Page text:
New York Public Library Centennial

Erich Strom

Sure, with a collection of 15 million items, it's one of the world's greatest research facilities. But more important, the main branch of the New York Public Library (officially known as the Stephen A. Schwarzman Building), which turns 100 years old on May 23, stands as the grand marble capitol of the "republic of letters," as Andrew Carnegie, one of the library's early benefactors, put it, "where neither rank, office, nor wealth receives the slightest consideration." In that spirit, Patience and Fortitude, the stone lions who guard the entrance on Fifth Avenue, shall enforce the same door policy for the weekend-long celebration that they have for a century: everyone is invited to attend.

Before hitting the weekend's full slate of free events (see below for highlights), be sure to take in the Rose Main Reading Room. The very heart of the library, it measures 297 feet from end to end and 51 feet up to the ceiling, room enough for 42 long oak tables, seating 600. Underneath the slate floor, the seven levels of stacks hold millions of volumes on 88 miles of shelves. Fill out a call slip for one that piques your interest, and it will be delivered marvelously to the reading room by conveyor belt in minutes. For more marvels, check out Celebrating 100 Years—a special exhibition of some of the library's most valuable and fascinating items, from intriguing ephemera (dime-store novels, dance cards) to irreplaceable treasures (a Gutenberg Bible, Sumerian tablets)—in the first-floor galleries.

Finding the Future
In true finals fashion, the weekend kicks off with an all-nighter. After the doors close on Friday night, 500 contestants will play Find the Future: The Game, an "alternate-reality" scavenger hunt. Starting Saturday morning, anyone can join in, either at the library (using a smartphone) or over the Internet. The weekend's theme continues with Know the Past, Find the Future, a commemorative book of essays from 100 authors, scholars and luminaries on the items from the library's collection most precious to them. Pick up a free copy and then catch a few of the contributors—including writer Adam Gopnik, singer-songwriter Rosanne Cash and Imam Khalid Latif, director of The Islamic Center at New York University—in a discussion of their selections (Sunday, 1pm; reservations required).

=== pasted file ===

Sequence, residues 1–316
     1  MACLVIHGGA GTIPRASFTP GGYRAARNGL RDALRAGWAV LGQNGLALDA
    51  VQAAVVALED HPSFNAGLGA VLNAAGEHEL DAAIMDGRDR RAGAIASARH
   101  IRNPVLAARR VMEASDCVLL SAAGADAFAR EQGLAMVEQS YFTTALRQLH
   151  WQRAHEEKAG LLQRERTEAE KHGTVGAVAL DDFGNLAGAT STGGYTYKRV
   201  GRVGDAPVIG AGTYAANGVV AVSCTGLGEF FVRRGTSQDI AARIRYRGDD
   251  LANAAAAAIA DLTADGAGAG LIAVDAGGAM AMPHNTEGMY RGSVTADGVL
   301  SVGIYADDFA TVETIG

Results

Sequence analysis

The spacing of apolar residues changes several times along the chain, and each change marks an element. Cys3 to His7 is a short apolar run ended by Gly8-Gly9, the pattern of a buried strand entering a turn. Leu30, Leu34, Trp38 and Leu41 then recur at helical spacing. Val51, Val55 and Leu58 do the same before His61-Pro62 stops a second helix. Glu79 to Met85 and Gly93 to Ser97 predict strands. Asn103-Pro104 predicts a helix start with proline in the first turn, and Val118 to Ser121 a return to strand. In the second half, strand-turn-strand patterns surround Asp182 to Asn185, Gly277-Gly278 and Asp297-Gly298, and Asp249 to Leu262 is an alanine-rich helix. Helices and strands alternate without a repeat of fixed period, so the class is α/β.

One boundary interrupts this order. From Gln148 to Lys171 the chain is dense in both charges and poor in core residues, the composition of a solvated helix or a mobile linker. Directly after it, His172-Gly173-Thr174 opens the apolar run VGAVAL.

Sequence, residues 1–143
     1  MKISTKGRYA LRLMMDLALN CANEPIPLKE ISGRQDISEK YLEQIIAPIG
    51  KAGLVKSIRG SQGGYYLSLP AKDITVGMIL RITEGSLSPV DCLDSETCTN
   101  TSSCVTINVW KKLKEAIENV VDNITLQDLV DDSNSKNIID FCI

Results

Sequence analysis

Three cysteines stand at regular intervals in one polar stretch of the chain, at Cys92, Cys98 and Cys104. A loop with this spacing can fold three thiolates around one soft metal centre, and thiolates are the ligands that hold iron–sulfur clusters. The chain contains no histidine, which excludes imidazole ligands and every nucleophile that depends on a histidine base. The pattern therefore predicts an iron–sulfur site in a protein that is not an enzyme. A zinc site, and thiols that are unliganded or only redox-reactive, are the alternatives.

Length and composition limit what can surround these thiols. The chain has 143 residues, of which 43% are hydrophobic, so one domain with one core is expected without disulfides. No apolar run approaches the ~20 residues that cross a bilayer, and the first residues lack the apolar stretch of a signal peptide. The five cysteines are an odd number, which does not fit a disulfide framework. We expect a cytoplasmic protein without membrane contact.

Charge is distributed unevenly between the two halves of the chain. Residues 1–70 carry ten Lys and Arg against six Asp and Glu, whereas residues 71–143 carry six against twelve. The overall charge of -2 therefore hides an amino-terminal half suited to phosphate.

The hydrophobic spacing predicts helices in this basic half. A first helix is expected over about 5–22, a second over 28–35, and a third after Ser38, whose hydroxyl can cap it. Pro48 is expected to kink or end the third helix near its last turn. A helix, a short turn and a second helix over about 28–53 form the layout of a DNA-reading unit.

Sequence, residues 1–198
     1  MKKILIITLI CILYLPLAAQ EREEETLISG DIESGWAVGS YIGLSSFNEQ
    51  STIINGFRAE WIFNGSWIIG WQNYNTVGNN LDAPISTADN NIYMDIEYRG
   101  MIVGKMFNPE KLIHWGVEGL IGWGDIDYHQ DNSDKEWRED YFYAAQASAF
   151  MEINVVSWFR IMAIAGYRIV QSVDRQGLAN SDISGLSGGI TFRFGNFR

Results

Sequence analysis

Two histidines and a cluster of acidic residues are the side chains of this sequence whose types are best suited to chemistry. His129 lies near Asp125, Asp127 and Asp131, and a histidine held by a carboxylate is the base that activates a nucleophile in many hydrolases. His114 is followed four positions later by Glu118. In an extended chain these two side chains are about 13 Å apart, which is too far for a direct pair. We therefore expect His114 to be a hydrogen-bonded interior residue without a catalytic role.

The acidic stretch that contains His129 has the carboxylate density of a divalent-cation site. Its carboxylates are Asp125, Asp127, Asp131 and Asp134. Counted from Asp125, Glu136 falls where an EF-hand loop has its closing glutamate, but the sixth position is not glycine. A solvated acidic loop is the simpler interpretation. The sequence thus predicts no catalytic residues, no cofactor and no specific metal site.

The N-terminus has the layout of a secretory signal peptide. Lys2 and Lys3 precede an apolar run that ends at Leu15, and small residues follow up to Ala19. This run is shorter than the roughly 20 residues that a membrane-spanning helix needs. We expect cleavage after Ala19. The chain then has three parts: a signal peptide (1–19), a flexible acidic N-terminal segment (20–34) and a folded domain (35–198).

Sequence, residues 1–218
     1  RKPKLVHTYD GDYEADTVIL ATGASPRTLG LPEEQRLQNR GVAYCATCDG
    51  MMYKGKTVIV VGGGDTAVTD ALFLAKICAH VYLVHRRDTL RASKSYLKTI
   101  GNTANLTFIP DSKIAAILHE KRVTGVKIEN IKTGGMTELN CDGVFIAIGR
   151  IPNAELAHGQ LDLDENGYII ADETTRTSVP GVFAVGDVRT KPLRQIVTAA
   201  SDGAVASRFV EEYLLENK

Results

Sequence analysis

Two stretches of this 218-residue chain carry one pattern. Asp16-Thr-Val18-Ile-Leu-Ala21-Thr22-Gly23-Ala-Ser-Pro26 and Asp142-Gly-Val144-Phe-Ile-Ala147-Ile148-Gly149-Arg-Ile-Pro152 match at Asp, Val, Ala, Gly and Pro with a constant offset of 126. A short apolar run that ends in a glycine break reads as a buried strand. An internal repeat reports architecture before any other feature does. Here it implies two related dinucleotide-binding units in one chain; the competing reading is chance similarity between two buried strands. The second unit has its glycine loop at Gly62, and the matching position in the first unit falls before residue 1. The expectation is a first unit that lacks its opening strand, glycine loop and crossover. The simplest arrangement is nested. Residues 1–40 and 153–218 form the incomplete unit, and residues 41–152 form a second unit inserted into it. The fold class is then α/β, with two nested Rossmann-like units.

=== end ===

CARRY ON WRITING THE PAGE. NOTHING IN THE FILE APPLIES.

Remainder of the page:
Words, Words, Words: Literary Performances
Acclaimed downtown theater group Elevator Repair Service mashes up F. Scott Fitzgerald, William Faulkner and Ernest Hemingway with Shuffle, whose script will be generated in real time by computer algorithm (rolling half-hour performances: Saturday, 1–6pm; Sunday, 1–4pm). "Bedtime Stories for Grown Ups" presents a more traditional take on storytelling, with Tony winners David Hyde Pierce and Anika Noni Rose reading works by Tobias Wolff and ZZ Packer, respectively (Saturday, 9pm; reservations required). The younger set can take in Hampstead Stage Company's Alice in Wonderland (Saturday, 2pm) or join graphic novelists Susan Kim and Nick Bertozzi for History, Fantasy, Future: Comics Make You Think, a multimedia performance that brings comic books to life (Saturday, 11am).

Diving in to the Collections
Learn how the library's online collections of newspapers, documents and photos can put the City's past at your fingertips at the workshop Digital Gotham: Researching New York City History Online (Saturday, 11am–noon, 3–4pm; reservations required). The Map Division (definitely worth a visit) has a collection of more than 400,000 maps and atlases, plenty of raw material for Mapping on the Web: New Methods of Mapmaking, a workshop that covers the application of new digital techniques, such as "map warping," to old maps (Saturday, 1pm; reservations required).